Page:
Jose was methodically opening bottle of bottle of wine. ‘I’m just getting prepared,’ he explained to us, ‘A couple of hours from now, it’ll be absolutely frantic in here and we need to save every second.’
I arrived in Valencia from Madrid this morning, on the high-speed train. A fabulous paella at La Rua was the obvious way to kick off the visit while those of us who had got there first waited for the others in our group of travel writers and bloggers to arrive.
After lunch, I was mooching around the city with Rich Whitaker, the guy behind Brilliant Trips. He has also set up a site to make it easy to follow what we’re all doing on the blog trip. Check it out here
We popped into the Bar Pilar, also known as La Pilareta, for a beer. It was around 6 pm and Valencia was sweltering. I love this bar, which has been going for around a century and is a real landmark in the city. The big speciality is mussels, but they also do wonderful, huge, butter beans, slow-cooked in a herby stock. ‘It’s all about the stock here, for the beans and the mussels’ said Jose, continuing to line up his bottles. ‘The ladies who cook here have used the same recipe for decades.’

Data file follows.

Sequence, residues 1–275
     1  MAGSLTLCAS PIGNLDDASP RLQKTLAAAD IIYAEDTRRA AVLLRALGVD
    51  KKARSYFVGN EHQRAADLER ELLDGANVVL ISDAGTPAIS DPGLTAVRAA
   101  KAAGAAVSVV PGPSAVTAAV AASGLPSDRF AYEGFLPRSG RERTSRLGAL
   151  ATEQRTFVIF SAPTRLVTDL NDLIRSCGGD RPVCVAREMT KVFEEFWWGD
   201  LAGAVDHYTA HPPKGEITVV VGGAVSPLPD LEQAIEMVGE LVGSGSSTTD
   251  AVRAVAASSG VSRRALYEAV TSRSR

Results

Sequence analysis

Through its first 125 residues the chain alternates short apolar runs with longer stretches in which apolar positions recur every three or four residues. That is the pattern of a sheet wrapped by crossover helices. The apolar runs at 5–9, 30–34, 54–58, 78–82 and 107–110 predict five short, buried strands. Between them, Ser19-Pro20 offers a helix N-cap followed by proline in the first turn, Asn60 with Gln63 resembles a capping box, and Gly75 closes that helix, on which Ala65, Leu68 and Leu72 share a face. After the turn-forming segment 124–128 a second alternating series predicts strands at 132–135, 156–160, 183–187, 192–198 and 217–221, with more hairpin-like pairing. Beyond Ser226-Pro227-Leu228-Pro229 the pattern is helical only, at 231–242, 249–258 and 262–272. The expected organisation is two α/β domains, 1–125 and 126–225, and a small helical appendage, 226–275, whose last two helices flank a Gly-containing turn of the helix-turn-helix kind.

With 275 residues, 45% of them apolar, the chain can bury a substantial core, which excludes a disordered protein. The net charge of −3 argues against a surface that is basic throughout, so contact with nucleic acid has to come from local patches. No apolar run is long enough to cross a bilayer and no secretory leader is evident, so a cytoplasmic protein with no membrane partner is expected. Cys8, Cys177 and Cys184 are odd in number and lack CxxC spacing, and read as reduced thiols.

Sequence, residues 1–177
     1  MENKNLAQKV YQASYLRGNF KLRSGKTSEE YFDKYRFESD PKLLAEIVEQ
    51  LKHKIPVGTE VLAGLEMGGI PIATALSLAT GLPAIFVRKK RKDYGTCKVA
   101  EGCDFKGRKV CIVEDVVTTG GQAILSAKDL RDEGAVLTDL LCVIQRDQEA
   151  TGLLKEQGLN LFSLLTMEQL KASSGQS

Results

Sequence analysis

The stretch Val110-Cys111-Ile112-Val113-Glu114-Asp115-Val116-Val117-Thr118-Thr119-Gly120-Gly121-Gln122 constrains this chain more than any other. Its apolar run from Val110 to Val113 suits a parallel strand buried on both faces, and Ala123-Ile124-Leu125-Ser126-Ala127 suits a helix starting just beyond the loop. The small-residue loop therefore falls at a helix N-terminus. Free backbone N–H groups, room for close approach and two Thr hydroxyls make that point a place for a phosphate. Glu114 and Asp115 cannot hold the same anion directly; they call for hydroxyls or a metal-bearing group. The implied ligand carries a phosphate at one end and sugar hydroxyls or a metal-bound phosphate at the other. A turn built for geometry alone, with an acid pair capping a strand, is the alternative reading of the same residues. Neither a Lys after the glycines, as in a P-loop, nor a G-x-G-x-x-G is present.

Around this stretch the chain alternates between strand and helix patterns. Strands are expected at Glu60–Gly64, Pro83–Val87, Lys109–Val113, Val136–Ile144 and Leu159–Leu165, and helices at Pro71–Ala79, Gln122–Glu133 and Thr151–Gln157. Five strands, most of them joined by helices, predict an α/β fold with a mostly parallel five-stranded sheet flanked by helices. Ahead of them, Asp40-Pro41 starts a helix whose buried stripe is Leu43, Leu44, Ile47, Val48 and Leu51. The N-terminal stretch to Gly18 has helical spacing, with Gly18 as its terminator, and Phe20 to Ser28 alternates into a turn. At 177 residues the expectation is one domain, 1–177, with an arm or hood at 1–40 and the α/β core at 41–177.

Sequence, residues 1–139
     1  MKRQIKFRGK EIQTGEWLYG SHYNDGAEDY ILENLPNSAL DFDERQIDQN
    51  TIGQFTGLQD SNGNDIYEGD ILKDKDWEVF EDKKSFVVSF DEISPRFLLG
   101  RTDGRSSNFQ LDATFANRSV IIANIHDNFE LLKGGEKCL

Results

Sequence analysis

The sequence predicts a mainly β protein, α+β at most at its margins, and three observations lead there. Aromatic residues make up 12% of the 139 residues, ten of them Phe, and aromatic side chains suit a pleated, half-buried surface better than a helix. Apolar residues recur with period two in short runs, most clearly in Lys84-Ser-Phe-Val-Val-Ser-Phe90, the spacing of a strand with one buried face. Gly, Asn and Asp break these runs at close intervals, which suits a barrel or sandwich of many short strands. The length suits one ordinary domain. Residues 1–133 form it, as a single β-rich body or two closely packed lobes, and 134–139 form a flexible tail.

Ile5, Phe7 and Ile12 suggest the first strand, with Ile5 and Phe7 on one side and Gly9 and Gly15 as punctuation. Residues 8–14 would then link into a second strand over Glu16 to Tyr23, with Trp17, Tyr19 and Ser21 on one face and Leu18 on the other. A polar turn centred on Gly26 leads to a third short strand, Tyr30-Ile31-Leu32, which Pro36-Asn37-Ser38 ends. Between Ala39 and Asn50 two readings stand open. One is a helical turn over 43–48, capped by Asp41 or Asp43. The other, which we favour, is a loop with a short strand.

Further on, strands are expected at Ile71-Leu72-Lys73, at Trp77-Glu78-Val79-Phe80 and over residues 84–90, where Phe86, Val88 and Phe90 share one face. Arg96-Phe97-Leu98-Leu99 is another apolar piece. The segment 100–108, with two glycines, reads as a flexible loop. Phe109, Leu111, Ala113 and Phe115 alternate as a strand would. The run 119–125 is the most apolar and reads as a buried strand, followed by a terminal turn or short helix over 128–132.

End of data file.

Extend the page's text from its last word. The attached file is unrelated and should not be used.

This is about the only time of day when the bar is quiet. It’s usually jammed all along the counter, with every one of the low, hexagonal tables occupied over and over again, both at lunchtime and in the evening. I remember when people used to throw their mussel shells onto the floor, so that you crunched them underfoot as you elbowed your way through the crowd, hoping to find a space somewhere, but health and safety regulations mean that there are plastic troughs on the floor these days to catch the falling detritus.
Patatas bravas, squid, ensaladilla… there are no fancy gourmet tapas here, and La Pilareta has no aspirations to revamp itself as a gastrobar, thank goodness.